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[Postposition] (명사) + 한테/에게 (to (noun))

"~한테/에게" comes after a person/people, indicating the object of an action. We usually "~에게" in formal situation, and "~한테" in casual conversation. When the object of an action is senior…

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[Postposition] (명사) + 만 ((noun) only/just)

When we use "~만" after a noun, it means "only", not including others. "빨간색 펜은 없고, 검정색 펜만 있다." is "There is no red pen, There is a black one only.", "나는 밥만 먹…

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[Postposition] (명사) + 도 ((noun) is also/too)

"~도" means "also", "too". We use this not only after a noun, but also after an adverb or some other constituents. "그녀는 노래를 잘하고 춤도 잘 춥니다." is "She sings very well an…

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[Postposition] (명사) + 이/가 vs 은/는 ((noun) is)

When you use "이/가", you put emphasis on what/who the subject is. We use "은/는" usually when both the speaker and listener already know what the subject is. So it emphasizes what the subject doe…

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[Postposition] (명사) + 은/는 ((noun) is)

similar to "~이/가", when a noun is followed by "~은/는", that means the noun is the subject. When the noun ends in a consonant, add "~은", and when it ends in a vowel, add "~는". We use "은/…

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[Postposition] 내가/네가 (I am/You are)

when your subject is "나(I)" or "너(You)", and you use "~가" , the word changes a bit. "나 + ~가" is not "나가", it is "내가". And "너 + ~가" is not "너가", it is "네가". However, as th…

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[Postposition] (명사) + 이/가 ((noun) is)

When "~이" or "~가" comes after a noun, that means the noun is the subject in a sentence. When the noun ends in a consonant, add "~이" , and when it ends in a vowel, add "~가". However, in casucal…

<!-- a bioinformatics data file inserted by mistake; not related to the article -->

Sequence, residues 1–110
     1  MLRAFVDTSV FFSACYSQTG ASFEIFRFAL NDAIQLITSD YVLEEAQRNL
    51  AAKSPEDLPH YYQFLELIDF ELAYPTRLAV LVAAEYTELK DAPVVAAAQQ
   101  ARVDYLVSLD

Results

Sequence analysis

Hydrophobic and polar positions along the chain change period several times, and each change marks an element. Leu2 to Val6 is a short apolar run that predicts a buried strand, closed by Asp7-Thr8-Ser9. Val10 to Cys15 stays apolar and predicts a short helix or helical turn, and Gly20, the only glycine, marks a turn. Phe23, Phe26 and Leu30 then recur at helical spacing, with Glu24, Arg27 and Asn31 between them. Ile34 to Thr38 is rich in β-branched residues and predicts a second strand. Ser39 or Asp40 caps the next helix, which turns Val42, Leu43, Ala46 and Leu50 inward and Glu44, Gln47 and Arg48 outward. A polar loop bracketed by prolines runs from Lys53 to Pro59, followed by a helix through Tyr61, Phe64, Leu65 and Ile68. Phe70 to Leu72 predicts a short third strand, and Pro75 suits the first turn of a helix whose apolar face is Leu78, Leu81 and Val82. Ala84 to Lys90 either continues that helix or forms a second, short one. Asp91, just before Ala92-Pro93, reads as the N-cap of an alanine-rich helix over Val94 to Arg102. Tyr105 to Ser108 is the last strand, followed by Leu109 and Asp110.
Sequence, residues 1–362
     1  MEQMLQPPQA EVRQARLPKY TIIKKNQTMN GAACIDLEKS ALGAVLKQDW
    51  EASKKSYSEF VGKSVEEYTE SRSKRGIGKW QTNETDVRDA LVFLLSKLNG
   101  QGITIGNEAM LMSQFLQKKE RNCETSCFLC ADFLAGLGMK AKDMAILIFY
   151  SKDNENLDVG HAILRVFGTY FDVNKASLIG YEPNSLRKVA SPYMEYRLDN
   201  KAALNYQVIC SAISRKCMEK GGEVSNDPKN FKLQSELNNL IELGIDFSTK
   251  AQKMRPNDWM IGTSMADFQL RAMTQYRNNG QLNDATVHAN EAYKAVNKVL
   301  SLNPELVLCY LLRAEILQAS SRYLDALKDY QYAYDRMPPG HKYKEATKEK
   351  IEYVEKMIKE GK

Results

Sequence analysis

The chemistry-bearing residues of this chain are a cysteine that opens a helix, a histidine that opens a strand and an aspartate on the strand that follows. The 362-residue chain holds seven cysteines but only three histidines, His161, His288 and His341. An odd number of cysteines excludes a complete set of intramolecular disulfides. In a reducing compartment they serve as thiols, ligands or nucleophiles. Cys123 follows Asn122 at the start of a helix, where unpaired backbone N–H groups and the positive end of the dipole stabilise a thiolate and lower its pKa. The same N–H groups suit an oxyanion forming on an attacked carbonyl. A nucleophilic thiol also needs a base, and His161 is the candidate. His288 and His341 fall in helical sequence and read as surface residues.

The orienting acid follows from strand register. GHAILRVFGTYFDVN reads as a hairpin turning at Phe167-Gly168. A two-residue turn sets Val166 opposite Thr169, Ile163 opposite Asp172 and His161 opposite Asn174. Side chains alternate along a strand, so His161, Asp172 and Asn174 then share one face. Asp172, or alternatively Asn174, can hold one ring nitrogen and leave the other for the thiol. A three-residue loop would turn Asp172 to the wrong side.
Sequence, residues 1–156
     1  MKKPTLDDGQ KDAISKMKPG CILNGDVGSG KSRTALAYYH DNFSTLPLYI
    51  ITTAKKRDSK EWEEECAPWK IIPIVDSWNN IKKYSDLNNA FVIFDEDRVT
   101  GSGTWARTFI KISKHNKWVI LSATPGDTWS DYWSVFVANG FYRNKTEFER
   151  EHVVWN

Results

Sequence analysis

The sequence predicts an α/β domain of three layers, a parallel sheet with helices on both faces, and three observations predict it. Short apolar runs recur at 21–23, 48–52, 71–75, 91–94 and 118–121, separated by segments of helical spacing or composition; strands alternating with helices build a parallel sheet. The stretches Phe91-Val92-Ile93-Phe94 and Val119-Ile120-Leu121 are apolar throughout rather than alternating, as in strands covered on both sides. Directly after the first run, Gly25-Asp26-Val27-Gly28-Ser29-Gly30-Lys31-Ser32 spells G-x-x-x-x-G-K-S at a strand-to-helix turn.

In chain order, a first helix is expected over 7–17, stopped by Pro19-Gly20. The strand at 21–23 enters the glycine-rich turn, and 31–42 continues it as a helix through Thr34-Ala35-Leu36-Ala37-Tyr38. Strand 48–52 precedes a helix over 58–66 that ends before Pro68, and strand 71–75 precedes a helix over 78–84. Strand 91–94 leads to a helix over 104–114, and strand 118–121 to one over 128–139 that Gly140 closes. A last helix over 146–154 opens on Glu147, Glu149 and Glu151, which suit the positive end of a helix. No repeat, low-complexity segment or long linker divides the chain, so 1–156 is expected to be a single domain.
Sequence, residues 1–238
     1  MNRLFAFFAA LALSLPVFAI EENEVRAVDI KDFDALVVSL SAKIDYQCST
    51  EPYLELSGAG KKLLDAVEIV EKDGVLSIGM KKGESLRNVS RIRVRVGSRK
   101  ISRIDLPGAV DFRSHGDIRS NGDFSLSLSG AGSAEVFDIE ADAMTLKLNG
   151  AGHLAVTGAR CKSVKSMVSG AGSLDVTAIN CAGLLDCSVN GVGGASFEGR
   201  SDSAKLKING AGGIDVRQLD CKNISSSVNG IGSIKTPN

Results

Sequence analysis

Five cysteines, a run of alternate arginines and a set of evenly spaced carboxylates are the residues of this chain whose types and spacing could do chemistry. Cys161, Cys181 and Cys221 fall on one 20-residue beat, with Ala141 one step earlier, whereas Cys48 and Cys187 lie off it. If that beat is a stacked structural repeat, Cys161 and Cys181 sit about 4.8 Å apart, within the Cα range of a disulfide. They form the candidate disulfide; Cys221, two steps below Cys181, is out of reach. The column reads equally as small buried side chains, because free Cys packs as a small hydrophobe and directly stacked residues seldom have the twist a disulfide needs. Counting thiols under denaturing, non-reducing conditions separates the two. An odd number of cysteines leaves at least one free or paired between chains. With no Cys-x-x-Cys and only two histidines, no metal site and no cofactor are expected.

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[Pronoun] 네 (you)

Just like "내/제", "네" has two different usages. First, they are short forms or "너 +의" and "your". Second, when "~가" is used with "너", it changes into "네". "이건 네 책이다." is "…

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[Pronoun] 너/너희 (you)

"너" is the singular of you and the plural is "너희(들)". However, we use 너 and 너희 only in casual conversation, especially when the listenr is not older than you. For example, a teacher can …

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[Pronoun] 우리/저희 (we)

"우리" and "저희" means "we". We use "저희" in formal situation, or the listener is senior to you. Unlike in English, Korean people use "우리" and "저희" very often when they mean "my". "…

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[Pronoun] 내/제 (my)

"내" and "제" has two different usages. "제" is humble form of "내". First, they are short forms or "나 + 의" and "저 + 의", and means 'my'. Second, when "~가" is used with "나" or "저", it…

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[Pronoun] 나/저 (I)

"나" and "저" means "I" or "me". We use "저" in formal situation, or the listener is senior to you. "나는 유리야." or "저는 유리입니다." is "I am Yoori."

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[Component] 독립어 (exclamation)

"독립어" is the word that is irrelevant to other consituents of sentence. Exclamations and the names by which you call somebody are "독립어". "앗! 죄송합니다." is "Whoops! I’m sorry.", …

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[Component] 부사어 (adverbial phrase)

"부사(part of speech)" is not "부사어(constituent of sentence)", "부사" is subset of "부사어". "부사어" is a word or phrase that illustrates the predicate(verbs, adjectives). It can also …

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